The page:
The intended themes of this year’s G7 meeting in Charlevoix, Quebec on 8 & 9 June are: gender equality; women’s empowerment; clean energy and global economic growth. It’s an ambitious agenda and all are important issues, but will anyone really notice?

The challenge for this year’s G7 Chair – the Canadian PM Justin Trudeau – will not be getting these issues aired and raised, but in preventing President Trump from hijacking the meeting for a second successive year. President Trump’s steel and aluminium tariffs and the threat of global trade war they carry with them, not to mention his Singapore summit with the maverick North Korean dictator Kim Jong-un just three days after the Quebec meeting have already taken the focus away from the G7.

The behaviour of the US president – the Disrupter-in-Chief – will be a constant source of anxiety for the leaders of the other six nations represented by Canada, France, Germany, Italy, Japan, the United Kingdom, plus the EU in an observer role. At what is supposed to be an embodiment of unity among the world’s most powerful democracies, they find themselves united principally by one thing: distrust of their most powerful partner, the US. Mr Trump’s antics against his allies are pushing the world towards a trade war from which, ultimately, we will all lose. Jobs will be lost, food and goods prices will increase, and in some cases, there could even be shortages of resources.

This is not the opening chapter of a dystopian novel, but reality. Mr Trudeau will need to show leadership and true grit if he wants his version of a G7 summit to remain relevant and current.

Last year, President Trump caused a storm during Italy’s Presidency when he criticised fellow G7 members at their annual gathering. He openly attacked Germany for their high level of car exports to the US and intimated that he would pull out of the Paris Climate Agreement; a threat that he subsequently fulfilled.

This was not the behaviour that the G7 were used to. These meetings have always been highly choregraphed in the past to demonstrate togetherness. However, the other world leaders need to show strength by holding together against this internal threat. President Trump’s lack of diplomacy, his disdain for political correctness and his ‘America First’ policies may need to be addressed before the leaders can get down to the minutiae of the agenda.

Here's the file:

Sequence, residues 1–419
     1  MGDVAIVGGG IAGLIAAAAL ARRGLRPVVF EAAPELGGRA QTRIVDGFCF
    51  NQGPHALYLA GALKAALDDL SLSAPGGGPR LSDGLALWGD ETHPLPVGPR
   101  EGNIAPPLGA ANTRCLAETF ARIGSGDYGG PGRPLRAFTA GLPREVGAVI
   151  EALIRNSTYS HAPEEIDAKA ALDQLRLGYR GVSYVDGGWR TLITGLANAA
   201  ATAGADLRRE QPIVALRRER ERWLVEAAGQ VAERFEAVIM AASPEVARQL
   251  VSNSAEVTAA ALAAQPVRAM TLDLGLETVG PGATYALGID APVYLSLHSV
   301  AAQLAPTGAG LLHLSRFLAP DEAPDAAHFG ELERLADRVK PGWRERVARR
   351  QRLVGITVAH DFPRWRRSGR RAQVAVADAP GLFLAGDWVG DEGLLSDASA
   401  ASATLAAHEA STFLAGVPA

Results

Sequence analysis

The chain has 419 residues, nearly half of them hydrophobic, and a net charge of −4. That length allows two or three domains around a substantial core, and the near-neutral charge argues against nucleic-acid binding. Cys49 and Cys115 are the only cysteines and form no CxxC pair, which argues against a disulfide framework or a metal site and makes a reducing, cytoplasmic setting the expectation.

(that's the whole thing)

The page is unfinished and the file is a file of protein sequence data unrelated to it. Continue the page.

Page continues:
The G7 themselves have been have been criticised as outdated and out of touch. Since their formation in 1975 as a response to the oil crisis two years earlier, the most economically advanced countries have tried to address similar world issues. Mostly, they have failed. The meetings have traditionally been informal and happen annually, with a few rare exceptions.

In 1997, President Clinton invited a reformed Russia to the table, and the G7 became the G8. But in 2014, Russia returned to its formerly unneighbourly self and was expelled after annexing the Crimea. Many would argue that to truly reflect the world’s largest economies China should be a member, but even Russia was a democracy when it gained membership of the group and in the current political climate an invitation to President Xi Jinping is an unlikely scenario.

Ironically, perhaps G7 leaders could see 2018 as being truly their time. They need to show the world that they do want to create a better, fairer world. This is the first time, for instance, that the G7 have linked gender equality to economic growth. Yet while the idea of international policy co-ordination is a noble one and would certainly heap benefits on us all, we have to question whether the G7 is up to the challenge. The reality is that no decisions are taken by this group; it is simply an opportunity for them to air ideas and there is no binding declaration at the end. Can the world, arguably at crisis point, afford the luxury of these empty meetings? Can it afford not to hold them?

Perhaps we all need to play our part in creating a better economic climate in the world. However, the truth is that Keynes’s Paradox of Thrift has taken over: put simply, it means that too many people want to save and too few want to spend. In developed countries this leads to weak growth, deflation, persistently low interest rates and, for those emerging nations who find themselves on the receiving end of savings outflows from elsewhere, financial bubbles and subsequent busts.

There will be the usual backdrop of protests that have become all too familiar at these events, but they will be held away from where the leaders meet in their isolated venue. No degree of isolation, however, will prevent the international focus penetrating them and all eyes will be on how Mr Trudeau will handle this, and what deals will be struck, or whether any of the topics on his agenda will even be discussed.

It’s anyone guess who will be tamed and who will be uncooperative, but it is a fair guess that if Mr Trudeau cannot get all his G7 partners on board, we will all be the losers.